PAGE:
The dialogue is wavy, short, and very much seems to dictate where you should be looking and going, rather than shift the story and having you follow along with it naturally. However, when the jokes land, they’re very good in their execution because of how small, realistic, and rewarding they are between the action of the story. A simple look, word, and phrase works within this movie because of the ridiculous atmosphere it lends itself too. It takes itself too seriously on a number of levels, but when it needs to bring the action and get serious (while being a bit laughable), that’s where the good stuff comes into play.
Tom Cruise as Nick Morton was the dashingly handsome, selfish a**hole and confused hero of the story. Most of the time, he wandered around not knowing what to say, do, or feel because he was wrapped into Ahmanet’s spell. It leaves you to wonder why they picked Tom Cruise for the role, but knowing that no one else could have played something that handsome and confused at the same time. As said before about the jokes, Cruise knows how to land them, especially in his characters selfish and “wtf” state he found himself in throughout the movie. Annabelle Wallis as Jenny Halsey, the beautiful archaeologist, was a welcomed, but very underwhelming character in the movie. Jenny deserved a lot better than was delivered. The generic beautiful woman only goes so far! I love that Jenny was thrown into the action full force, but it takes you out when she’s just a catalyst and sacrifice to show Nick that he isn’t the selfish a**hole that he was.
The outstanding performances throughout the movie have to go Sofia Boutella, Jake Johnson and Russell Crowe (I know right? Stick with me.) Jake Johnson plays Nick’s “sorta” best friend and sidekick, but after an incident he gets brought back as “dead guy who comes back to life to haunt friend.” I found myself wanting much more of Jake Johnson throughout the movie, but was ultimately happy with what I got. He brings such a comedic and witty atmosphere.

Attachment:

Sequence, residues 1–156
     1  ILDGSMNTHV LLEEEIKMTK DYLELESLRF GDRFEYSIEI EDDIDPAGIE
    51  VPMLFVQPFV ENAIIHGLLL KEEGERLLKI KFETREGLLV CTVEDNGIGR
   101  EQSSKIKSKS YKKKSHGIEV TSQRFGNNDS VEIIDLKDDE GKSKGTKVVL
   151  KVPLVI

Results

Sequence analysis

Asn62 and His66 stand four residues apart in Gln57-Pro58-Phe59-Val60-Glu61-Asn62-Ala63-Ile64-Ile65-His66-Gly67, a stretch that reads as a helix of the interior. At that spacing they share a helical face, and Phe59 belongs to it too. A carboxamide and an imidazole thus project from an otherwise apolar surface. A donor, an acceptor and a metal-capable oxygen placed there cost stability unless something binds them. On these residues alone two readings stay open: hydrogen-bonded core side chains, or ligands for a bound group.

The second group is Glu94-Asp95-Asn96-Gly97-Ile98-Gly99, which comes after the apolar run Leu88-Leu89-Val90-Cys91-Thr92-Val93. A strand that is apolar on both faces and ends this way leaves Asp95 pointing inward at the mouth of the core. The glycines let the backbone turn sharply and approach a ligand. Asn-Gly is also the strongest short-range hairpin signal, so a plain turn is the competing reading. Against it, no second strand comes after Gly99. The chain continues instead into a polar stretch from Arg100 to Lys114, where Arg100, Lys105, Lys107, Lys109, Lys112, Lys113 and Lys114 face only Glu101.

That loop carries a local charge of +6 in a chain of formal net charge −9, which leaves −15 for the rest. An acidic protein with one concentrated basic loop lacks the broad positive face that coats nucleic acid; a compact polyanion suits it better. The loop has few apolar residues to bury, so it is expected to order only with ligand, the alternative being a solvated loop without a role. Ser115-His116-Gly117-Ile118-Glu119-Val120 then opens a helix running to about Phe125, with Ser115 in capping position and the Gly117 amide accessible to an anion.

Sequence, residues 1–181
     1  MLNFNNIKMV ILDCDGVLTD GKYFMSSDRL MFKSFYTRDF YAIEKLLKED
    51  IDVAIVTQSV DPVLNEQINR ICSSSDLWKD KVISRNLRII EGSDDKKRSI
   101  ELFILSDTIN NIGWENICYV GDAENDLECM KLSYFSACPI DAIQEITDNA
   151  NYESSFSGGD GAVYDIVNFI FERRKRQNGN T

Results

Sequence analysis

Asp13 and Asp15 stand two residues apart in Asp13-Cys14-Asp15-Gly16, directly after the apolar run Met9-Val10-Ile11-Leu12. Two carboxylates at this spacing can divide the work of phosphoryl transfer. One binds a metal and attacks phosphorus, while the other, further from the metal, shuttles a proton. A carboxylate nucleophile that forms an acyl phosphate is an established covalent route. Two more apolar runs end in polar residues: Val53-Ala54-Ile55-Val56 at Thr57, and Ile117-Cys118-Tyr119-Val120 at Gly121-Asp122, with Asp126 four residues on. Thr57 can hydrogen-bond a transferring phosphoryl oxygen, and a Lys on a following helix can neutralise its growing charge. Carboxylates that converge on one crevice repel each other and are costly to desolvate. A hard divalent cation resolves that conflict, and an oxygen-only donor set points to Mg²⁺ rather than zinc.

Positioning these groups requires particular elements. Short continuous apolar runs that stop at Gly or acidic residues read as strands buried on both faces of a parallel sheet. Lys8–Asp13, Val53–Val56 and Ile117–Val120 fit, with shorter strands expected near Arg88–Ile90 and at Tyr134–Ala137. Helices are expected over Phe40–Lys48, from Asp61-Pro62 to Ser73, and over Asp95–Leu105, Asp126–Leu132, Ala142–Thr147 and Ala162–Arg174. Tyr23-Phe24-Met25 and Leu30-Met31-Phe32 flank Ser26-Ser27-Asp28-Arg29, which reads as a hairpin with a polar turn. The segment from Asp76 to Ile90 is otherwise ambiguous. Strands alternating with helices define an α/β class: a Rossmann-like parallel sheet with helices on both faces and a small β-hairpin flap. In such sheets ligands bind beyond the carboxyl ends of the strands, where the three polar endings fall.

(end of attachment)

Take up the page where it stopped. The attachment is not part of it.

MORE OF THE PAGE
Sofia Boutella absolutely SLAYED Ahmanet with everything she had. She’s the saving grace of the 107 minutes sitting down to watch this film. Not only is she absolutely beautiful, but she brings such a powerful performance that I wanted her to succeed so badly. She delivers just enough to make you swoon and leave you wanting more and I’m not talking about in just ONE scene, I’m talking about ALL the scenes.
Then there’s Russell Crowe. There have been many actors that have played Dr. Henry Jekyll throughout the years, but it just looks so good on Russell Crowe. It was so unexpected and dynamic that I hope they take the time out to focus a full movie on Jekyll/Hyde, especially after introducing us to what Crowe can do in the role.
See It. I didn’t think I would say this, but if you want a generic movie that you can have fun with that combines a bit of Stephen Sommer’s The Mummy, Tobe Hooper’s Lifeforce and Indiana Jones, you’ve come to the right place with 2017’s The Mummy. It gives itself to being exactly the kind of generic action movie with some horror elements pushed inside, but it’s the kind of trash-tastic film that you could just sit down and enjoy.